Unit Testing With Android Studio


This article covers the basics of using Android Unit Tests with Android Studio.

Enabling Unit Testing In Android Studio

Many guides out there will encourage you to add some lines  in your “build.gradle” to enable “instrument tests” and also tell you to include the Android testing libraries in your dependencies…

This is completely unnecessary and you won’t need to worry about doing that.

Android Studio supports Android Unit Tests natively and you can enable them by setting a few options in your project configuration.

Note: There are several popular unit testing frameworks such as Robolectric for Android which involve more set up and configuration than what I cover here. I hope to write a guide on that topic in the future.

Creating Your Unit Testing Folder

I like to keep my unit tests in my main project package e.g. “com.mypath.tests.” You can put your own tests  wherever  you want. To get started, create a new directory “tests” in your desired test location like so:

Screen Shot 2014-01-24 at 6.26.20 PM

Next, create a new class and name it “ExampleTest.” Have it inherit from “InstrumentationTestCase:”


Lets add a simple test which we know will fail:

public class ExampleTest extends InstrumentationTestCase {
    public void test() throws Exception {
        final int expected = 1;
        final int reality = 5;
        assertEquals(expected, reality);


All test methods MUST start with the “test-” prefix or Android Studio will not detect them as tests and you will get all kinds of weird errors and nothing will work.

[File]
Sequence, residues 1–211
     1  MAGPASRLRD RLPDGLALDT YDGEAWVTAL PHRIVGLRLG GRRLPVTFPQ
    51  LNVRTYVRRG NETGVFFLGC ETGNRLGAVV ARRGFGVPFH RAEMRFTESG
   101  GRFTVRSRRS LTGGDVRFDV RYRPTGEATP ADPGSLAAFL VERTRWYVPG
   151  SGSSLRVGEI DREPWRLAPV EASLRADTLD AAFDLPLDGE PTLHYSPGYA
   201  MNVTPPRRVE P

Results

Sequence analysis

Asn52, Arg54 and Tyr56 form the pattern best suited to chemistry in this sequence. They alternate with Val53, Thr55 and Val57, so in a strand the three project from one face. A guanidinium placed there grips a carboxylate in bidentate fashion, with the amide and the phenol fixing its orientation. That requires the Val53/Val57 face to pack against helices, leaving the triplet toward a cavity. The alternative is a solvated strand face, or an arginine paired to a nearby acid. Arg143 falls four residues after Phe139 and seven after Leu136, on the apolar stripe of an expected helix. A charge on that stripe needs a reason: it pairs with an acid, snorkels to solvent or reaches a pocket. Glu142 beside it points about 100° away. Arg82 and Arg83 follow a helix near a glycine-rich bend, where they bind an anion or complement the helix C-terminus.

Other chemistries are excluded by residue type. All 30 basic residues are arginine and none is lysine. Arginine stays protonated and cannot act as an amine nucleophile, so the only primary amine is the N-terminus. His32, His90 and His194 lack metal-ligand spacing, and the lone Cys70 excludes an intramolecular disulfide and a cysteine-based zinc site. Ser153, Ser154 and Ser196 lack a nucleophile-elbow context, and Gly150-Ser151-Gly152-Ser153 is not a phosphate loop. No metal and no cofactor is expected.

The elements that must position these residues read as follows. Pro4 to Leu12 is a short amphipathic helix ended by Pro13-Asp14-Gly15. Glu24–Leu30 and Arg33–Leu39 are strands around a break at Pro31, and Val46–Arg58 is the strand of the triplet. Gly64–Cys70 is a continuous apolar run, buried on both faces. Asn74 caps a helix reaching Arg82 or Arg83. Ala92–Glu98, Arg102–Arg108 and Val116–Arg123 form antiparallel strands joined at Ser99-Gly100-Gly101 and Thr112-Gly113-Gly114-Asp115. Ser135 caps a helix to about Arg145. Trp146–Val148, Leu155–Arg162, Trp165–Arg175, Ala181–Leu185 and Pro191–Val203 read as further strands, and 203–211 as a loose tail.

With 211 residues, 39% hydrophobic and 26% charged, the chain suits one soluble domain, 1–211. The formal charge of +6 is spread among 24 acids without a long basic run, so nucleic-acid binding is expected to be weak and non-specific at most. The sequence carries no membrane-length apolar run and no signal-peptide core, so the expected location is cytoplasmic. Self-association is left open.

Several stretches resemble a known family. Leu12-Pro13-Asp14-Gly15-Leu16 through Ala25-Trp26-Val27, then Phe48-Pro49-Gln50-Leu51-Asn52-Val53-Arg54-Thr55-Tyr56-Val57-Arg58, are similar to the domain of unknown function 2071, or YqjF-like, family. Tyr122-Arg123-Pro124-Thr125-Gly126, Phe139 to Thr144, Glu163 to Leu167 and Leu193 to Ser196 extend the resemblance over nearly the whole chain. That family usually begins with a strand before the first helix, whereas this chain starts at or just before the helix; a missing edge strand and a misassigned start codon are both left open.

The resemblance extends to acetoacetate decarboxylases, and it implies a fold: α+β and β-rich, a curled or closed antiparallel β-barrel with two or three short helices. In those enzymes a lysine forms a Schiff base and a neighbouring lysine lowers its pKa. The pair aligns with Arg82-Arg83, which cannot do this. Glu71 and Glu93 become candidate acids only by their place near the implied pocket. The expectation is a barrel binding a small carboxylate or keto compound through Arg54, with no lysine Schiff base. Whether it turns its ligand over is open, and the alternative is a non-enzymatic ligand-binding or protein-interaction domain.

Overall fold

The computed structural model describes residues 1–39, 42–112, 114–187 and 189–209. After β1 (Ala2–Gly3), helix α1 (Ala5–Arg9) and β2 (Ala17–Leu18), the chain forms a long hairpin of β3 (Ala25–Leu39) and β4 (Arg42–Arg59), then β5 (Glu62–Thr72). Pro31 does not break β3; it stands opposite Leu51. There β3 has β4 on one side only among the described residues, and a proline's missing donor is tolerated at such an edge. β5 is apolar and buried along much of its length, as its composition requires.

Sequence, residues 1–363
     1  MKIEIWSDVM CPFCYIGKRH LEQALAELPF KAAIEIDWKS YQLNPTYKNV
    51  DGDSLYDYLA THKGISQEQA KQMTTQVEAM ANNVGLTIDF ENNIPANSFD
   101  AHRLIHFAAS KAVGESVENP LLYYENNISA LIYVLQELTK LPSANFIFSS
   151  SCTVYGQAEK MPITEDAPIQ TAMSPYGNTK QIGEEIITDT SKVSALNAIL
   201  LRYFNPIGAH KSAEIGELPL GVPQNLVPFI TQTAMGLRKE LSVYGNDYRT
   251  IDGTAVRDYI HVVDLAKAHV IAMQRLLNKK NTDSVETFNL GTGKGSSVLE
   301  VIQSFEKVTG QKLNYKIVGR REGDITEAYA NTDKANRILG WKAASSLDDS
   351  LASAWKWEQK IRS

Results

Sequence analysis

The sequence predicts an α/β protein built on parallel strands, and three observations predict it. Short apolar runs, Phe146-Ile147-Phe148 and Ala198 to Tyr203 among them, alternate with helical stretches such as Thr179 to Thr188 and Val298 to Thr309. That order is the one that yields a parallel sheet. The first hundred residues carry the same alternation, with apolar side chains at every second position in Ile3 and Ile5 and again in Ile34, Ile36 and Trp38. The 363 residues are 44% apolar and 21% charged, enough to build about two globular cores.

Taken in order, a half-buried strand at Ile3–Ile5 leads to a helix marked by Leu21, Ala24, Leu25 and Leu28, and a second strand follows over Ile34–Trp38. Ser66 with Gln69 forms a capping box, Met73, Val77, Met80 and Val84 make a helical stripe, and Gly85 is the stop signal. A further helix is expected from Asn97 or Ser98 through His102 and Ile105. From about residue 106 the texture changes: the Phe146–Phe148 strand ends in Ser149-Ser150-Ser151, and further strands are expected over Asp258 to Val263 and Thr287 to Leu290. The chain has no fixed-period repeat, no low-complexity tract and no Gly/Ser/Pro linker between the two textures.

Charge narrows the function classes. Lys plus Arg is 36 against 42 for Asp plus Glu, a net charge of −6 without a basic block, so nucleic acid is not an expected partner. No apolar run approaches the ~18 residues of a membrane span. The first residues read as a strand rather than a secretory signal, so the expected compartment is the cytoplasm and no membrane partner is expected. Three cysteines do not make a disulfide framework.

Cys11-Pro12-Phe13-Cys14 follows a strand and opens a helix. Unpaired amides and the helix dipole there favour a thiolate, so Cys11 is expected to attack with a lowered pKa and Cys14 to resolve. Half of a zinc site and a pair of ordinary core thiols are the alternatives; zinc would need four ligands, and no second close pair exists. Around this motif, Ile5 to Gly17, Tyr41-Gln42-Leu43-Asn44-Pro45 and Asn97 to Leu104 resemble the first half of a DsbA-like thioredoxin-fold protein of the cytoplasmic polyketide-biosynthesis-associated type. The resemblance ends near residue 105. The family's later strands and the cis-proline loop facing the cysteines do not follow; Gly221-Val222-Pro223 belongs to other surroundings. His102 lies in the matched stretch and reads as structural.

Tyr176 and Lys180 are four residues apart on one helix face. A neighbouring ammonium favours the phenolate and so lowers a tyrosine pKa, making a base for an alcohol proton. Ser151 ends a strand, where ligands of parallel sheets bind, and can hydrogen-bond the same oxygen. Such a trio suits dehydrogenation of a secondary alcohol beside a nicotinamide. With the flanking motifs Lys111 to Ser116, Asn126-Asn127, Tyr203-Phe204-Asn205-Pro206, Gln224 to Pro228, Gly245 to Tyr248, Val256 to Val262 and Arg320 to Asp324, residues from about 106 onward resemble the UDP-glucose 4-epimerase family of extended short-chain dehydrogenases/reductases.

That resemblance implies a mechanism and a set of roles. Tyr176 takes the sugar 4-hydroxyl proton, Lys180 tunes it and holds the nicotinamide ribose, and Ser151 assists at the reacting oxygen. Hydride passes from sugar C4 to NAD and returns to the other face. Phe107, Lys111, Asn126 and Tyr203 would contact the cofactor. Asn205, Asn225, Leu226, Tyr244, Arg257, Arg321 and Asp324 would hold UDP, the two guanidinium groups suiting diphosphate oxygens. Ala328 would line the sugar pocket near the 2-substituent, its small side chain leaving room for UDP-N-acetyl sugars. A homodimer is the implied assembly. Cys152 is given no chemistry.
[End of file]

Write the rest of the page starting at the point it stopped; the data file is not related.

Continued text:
Configuring The Project For Unit Testing

Now that we have a test case which is doomed for failure, we must now run it.

Start by clicking “Run -> Edit Configurations.”

edit configurations

Now select “+ -> Android Tests” from the upper left hand corner and select “Android Tests” and name your new test configuration “test” or something equally relevant.

Create Test Configuration

This will create a new test project configuration like this:


Select your current app module from the drop down menu.

Test Module Selection

Next, select the “All in Package” option and navigate to your “test” folder you just created. You can also select “All in Module” and Android Studio will automatically find any test inside your whole Module! You can also get more specific and select “Class” or even “Method” option to narrow the scope of your testing down further.

The results should look like this:


I also like to set the run configuration to “Show Chooser” so I can decide how to run the tests when needed:


Now click “Apply” and then “Close.” You should now see your test cases as being a runnable project configuration in the bar across the top of your Android Studio instance.

test config

Running Our Unit Tests

I use Genymotion for everything, so fire up your Genymotion instance and run the test.

Put a break point next to the assertion line in the test case we just created and click the “run debug mode.” The purpose is to prove to ourselves that Android Studio is really running our Unit Test case.


When you start your tests, you will now see a special testing display window “Running Tests…”

Unit Testing In Android Studio 

When your test fails, click “Logcat” and view the results for a comprehensive output as to why your test failed:


If you go through the console, you will find the given reason should be: “junit.framework.AssertionFailedError: expected:<1> but was:<5>”

Congratulations, you have failed!

The following sources were helpful in compiling this article: